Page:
13.36pm: Thailand-based Assistance Association for Political Prisoners-Burma (AAPP) has updated its database and says 1,240 political prisoners are behind bars in Burma. As far as we can tell, the list doesn’t account for those released so far today.
13.30pm: Sister of Min Ko Naing says he is not on the prisoner release list, according to a source in Rangoon.
13.23pm: Raw footage from outside Insein prison in Rangoon yesterday afternoon. Awaiting footage from today.
13.20pm: Generation Wave member Aye Thida (female) released from Henzada prison in Irrawaddy division after being sentenced to 11 years in 2008 for her work with the underground activist group. National League for Democracy member Thant Zaw also freed from Henzada.
Six of the 20 political prisoners in Moulmein jail now free. Getting more details…
12.56pm: From Taungoo prison in Pegu division (still getting more precise details on prisoners’ charges):
Nyi Nyi Oo (handed 30 years in 1989 for the Thanlyin Oil Refinery bombing)
Saw Myint Naing (24 years imprisonment in 1999 under 5-j)
Aye Shwe (24 years imprisonment in 1999 under 5-j)
Zaw Ye Win (17 year sentence under 5-j)
Aung Aung (a.k.a Aung Thant Zin Oo)
Aung Zay Phyo (a.k.a Zaw Gyi)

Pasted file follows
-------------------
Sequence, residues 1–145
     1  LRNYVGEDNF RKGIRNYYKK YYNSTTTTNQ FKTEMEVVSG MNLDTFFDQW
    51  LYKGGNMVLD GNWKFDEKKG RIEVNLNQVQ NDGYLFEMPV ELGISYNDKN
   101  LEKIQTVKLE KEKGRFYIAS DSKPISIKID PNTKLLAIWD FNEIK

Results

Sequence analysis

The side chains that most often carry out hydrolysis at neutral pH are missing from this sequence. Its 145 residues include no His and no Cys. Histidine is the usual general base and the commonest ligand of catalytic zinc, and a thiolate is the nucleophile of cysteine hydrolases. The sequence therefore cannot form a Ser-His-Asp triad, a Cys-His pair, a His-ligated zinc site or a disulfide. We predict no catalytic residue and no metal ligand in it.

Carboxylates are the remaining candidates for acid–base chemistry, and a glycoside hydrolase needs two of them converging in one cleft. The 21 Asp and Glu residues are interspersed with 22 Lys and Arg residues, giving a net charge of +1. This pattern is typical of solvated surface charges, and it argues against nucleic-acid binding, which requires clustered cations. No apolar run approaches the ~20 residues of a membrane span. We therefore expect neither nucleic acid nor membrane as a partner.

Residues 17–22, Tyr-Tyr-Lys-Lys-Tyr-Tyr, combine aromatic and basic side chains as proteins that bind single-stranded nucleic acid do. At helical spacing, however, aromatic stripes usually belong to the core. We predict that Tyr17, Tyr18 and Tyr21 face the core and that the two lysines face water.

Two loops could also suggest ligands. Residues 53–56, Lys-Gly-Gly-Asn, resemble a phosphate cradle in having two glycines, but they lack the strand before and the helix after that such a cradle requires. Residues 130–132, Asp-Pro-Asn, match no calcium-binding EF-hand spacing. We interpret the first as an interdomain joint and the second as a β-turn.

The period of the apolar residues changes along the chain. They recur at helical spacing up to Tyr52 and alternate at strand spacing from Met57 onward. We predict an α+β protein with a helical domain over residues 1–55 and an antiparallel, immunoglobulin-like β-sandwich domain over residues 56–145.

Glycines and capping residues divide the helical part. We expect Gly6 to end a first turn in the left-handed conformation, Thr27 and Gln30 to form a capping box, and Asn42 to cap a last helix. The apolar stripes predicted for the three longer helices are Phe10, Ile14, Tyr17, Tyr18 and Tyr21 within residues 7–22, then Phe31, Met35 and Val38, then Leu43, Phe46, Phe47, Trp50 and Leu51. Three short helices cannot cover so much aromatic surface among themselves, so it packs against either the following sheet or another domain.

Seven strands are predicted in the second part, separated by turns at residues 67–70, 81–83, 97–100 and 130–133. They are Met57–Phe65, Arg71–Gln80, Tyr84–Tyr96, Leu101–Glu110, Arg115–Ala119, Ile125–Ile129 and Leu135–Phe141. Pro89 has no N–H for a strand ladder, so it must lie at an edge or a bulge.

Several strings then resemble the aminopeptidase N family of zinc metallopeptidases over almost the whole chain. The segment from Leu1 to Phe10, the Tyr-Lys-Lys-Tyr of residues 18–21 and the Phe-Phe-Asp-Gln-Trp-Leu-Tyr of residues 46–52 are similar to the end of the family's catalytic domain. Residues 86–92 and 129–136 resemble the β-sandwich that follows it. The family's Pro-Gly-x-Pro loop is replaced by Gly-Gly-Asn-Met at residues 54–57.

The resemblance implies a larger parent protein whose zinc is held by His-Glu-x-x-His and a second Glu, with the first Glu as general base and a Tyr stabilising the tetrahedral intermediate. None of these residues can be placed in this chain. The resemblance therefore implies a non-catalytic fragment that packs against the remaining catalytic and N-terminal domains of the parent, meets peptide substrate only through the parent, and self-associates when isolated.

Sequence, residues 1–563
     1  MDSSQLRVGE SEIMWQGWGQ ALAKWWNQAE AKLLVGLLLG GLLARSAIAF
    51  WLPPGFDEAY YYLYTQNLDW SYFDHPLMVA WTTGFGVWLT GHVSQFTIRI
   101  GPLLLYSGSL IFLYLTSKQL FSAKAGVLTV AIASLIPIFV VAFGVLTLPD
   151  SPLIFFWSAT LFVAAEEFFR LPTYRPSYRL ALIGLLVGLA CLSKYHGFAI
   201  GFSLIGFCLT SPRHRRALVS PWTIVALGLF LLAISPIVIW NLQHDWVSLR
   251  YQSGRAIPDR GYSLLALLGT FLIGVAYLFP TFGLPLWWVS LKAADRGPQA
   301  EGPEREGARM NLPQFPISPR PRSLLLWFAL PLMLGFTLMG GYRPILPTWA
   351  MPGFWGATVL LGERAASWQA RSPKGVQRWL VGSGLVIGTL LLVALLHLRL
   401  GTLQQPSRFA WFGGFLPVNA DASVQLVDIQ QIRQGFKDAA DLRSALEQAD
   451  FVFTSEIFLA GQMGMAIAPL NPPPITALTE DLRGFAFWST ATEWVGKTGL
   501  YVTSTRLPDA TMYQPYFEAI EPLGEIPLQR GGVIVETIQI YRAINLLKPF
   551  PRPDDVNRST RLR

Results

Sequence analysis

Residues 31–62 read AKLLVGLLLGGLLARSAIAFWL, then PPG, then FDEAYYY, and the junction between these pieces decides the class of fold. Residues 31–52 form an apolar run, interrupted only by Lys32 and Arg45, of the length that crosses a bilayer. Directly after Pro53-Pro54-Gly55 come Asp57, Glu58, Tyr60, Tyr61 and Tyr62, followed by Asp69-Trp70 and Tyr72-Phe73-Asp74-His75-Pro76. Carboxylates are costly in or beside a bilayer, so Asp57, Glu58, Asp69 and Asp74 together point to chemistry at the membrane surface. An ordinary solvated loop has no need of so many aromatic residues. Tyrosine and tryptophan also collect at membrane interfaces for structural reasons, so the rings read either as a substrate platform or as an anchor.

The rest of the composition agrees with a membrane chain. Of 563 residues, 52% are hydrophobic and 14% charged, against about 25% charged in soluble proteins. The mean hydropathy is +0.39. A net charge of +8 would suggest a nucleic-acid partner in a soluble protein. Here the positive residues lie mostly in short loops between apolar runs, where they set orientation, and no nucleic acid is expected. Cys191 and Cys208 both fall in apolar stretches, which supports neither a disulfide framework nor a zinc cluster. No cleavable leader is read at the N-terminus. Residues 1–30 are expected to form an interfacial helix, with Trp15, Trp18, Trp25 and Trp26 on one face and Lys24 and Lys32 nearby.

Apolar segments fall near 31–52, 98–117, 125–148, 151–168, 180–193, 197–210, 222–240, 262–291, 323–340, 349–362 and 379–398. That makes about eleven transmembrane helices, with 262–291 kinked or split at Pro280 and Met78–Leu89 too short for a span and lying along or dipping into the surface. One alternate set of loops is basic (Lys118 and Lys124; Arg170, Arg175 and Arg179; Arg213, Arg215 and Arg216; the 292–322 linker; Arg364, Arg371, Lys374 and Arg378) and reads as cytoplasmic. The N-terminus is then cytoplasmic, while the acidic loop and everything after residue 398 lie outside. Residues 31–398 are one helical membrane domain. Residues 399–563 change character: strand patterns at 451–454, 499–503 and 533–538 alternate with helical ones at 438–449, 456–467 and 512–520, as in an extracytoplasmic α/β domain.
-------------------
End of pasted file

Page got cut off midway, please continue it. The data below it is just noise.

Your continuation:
12.43pm: San San Tin (female, five-year sentence) and Nyunt Win rumoured released from Meikthila prison in Mandalay division. Both jailed for role in September 2007 uprising. Six political prisoners remain in Meikthila jail.
12.32pm: Digging around rumours that Min Ko Naing (prominent student leader, jailed for 65 years for role in September 2007 uprising) will be released. No one sure. Rumours that Mya Aye, also 88 Generation Student leader, is on release list, but again, cannot confirm.
12.20pm: From Yemethin prison in Magwe division:
Thaw Zin Htun (ABFSU)
Nay Zar Myo Win (ABFSU)
Sai Moe Htwe (ABFSU)
Ashin Kawthala (monk), jailed following 2003 Taungoo riot
Ashin Zawana (monk), jailed following 2003 Taungoo riot
Ashin Pandiwuntha (monk), jailed following 2003 Taungoo riot)
Ashin Thawdana (monk), jailed following 2003 Taungoo riot
12.12pm: Insein prison releases so far: 564 male, 78 females (source: Weekly Eleven). Number of political prisoners included not known, although rumours that around 30 from Insein have so far been released.
12.02pm: More names coming in. Hnin Pwint Wei, from the All Burma Students’ Federation Union (ABSFU), jailed for burying corpses of Cyclone Nargis victims in 2008, released from Moulmein prison.
Kyaw Khin, who won a seat in the 1990 elections and was subsequently jailed in Taunggyi, also released. National League for Democracy (NLD) members Tin Tin Cho and Ohn Nyaw released from Lashio, as is monk U Sheineitta.
11.50am: Lawyer for jailed DVB journalists Maung Maung Zeya and Sithu Zeya says they are not on the prisoner release list.
11.30am: Comedian Zarganar has been released and will fly from Myitkyina prison to Rangoon shortly, his family said. Domestic news journal Weekly Eleven claims to have secured an interview with him.
Also said to have been released is Maj-Gen Hso Ten, of the Shan State Army (North), who was sentenced on charges of sedition in 2005 to 106 years. He has been held in Sittwe, but was reportedly released today.
Reuters claim prominent monk Ashin Gambira has been released, although our sources at Kale prison say he is not on the release list.
Rumours that 46 people have been freed from Mandalay prison.